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Cher Strauberry is breaking down stereotypes in punk rock—here’s how

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[Photo by: Dain Dunkin]

Growing up in California, Cher Strauberry was practically raised in her local punk scene. Surrounded by mosh pits since the age of 10, the 28-year-old is dropping her debut full-length, Chering Is Caring, in June. A lot of time went into the LP—three years, to be precise—and the singer believes it finally deserves to see the sun. From the way it was tracked with a microcassette recorder to each lively riff, the 31-song album is uniquely Strauberry. If that wasn’t badass enough, the songwriter did it all while pursuing her career as a pro skateboarder.

As the first trans woman to hit the mainstream in skate, Strauberry tears down the expectations that have been built within what can be a toxic scene. She couldn’t care less about showing everyone up in the bowl. All the singer wants to do is express herself the best way she knows how. Dressed in miniskirts and fishnets, she’ll hit the rails set on landing a trick without worrying about who’s around to see it. Determined to stay true to herself, Strauberry doesn’t let the misogyny that lingers around the skate park ruin her run. Instead, she stares it in the face, daring it to try her.

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You have been a part of the alternative scene since you were young, going to shows, playing in punk bands, painting graffiti, etc. Why choose now to release an album? 

My first musical experiences were very acoustic-driven. Growing up, I immediately started going to punk shows at the local community center in our town. I noticed that some of the boys, girls and these really cool punk-rock bands, they would have these other solo projects, or they would play acoustic shows in people’s living rooms or backyards. I knew these people from playing really wild, skanky punk shows, and they were super high-energy. [It was] fun to see them a week later, playing this super-soft-key acoustic music while everyone’s making hot chocolate and sitting on the ground in the living room. It just felt really intimate, and it made me look at the individuals more. I just really loved that switch.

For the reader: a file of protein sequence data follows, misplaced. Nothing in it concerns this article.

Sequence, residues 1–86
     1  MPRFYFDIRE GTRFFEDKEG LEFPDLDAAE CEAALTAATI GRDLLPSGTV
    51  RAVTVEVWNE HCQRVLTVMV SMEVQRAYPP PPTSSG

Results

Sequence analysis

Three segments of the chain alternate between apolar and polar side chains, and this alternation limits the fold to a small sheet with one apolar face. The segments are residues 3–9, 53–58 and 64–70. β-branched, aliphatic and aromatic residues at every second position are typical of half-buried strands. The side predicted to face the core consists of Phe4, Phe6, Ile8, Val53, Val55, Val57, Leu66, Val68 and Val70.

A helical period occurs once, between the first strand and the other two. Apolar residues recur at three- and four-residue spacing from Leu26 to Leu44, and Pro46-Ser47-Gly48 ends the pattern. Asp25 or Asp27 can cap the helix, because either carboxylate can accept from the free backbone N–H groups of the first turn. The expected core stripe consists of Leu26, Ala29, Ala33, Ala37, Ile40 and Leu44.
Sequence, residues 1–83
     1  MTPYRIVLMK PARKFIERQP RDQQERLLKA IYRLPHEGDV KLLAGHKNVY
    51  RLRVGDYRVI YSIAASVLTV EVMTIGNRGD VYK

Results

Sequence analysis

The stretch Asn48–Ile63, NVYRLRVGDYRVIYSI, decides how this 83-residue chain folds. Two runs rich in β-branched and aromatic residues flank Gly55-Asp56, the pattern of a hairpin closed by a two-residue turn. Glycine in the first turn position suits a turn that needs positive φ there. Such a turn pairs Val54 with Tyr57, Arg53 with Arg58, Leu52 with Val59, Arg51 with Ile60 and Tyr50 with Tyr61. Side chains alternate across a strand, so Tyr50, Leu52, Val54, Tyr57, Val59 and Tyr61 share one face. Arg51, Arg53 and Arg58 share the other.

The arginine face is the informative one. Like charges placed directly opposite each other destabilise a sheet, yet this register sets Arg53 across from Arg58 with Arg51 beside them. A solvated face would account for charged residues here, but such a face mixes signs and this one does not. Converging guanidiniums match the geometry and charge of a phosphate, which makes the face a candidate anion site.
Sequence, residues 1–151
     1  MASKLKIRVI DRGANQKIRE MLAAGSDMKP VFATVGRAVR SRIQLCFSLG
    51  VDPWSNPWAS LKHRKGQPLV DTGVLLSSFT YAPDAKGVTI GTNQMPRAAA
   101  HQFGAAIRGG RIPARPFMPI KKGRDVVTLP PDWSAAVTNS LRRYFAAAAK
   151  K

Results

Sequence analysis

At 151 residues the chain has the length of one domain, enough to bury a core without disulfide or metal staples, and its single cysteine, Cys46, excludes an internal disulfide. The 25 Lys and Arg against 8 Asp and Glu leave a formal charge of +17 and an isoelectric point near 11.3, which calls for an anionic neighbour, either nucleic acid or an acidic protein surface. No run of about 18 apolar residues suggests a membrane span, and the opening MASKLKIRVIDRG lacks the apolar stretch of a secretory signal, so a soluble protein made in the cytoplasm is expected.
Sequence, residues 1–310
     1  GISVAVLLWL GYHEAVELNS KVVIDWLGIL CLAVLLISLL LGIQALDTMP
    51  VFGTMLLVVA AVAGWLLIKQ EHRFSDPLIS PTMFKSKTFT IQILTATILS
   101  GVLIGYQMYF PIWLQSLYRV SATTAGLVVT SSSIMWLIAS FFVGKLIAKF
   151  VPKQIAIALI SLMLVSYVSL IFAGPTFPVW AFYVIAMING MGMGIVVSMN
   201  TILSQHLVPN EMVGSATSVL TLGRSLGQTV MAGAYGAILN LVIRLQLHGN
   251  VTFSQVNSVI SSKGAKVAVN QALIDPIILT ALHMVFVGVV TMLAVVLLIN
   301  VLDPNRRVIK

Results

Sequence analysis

Chering Is Caring is lighthearted and carefree. What are some of the major influences that helped make the album what it is now? 

All the Bikini Kill interviews and just me talking to people—that was going to be an audio zine of my fanzine. I’ve done this fanzine for about eight or nine years now called Diddley Squat. It’s just like one-page, short-story zines that I’ve been putting out. I found an audio zine that someone did, and I was like, “It’d be cool to do an audio zine issue!” So, I started doing it. Then, I just never ended up doing it because I got caught up with skateboarding and just a bunch of other life things and tours. I had some of it, but the tapes just fell behind.

Read more: 10 trans women musicians who are changing the world of punk rock

When I was showing my friend the bag of cassettes that I had to make this album with all of my demos and some straight-up songs and stuff, we were putting them all [on] a computer, [and] we came across those tapes. And he was like, “This is amazing. You should incorporate this.”

I kept saying I wanted it to be a mixtape where it’s just a full band and the worst-sounding recording ever with me drinking coffee in the park and trains passing by. When we found those last audio files, I was like, “Maybe we could put this in there to add and give it a story.”

As a skater, you’ve worked with brands such as Vans and Supreme and are an active member of the Unity Crew/Movement. Did you ever think you’d be so successful? What do you hope to achieve in that side of your work?

First off, no. I did not think I’d be this successful, nor did I think skateboarding would ever be in my career. It’s like a little kid’s dream come true. I think that’s what’s helped me keep doing it because I was so over skateboarding. I didn’t even think about it for like 10 years. Once everything started popping off, it was really fun at first. I hadn’t done it in so long, and they gave me this outlet. I just started saying yes to things because I was just so broke and didn’t have any money. I’d be like, “Yeah, I’m down to model. Yeah, I want a job at Supreme. Sure, I’ll film for your video.”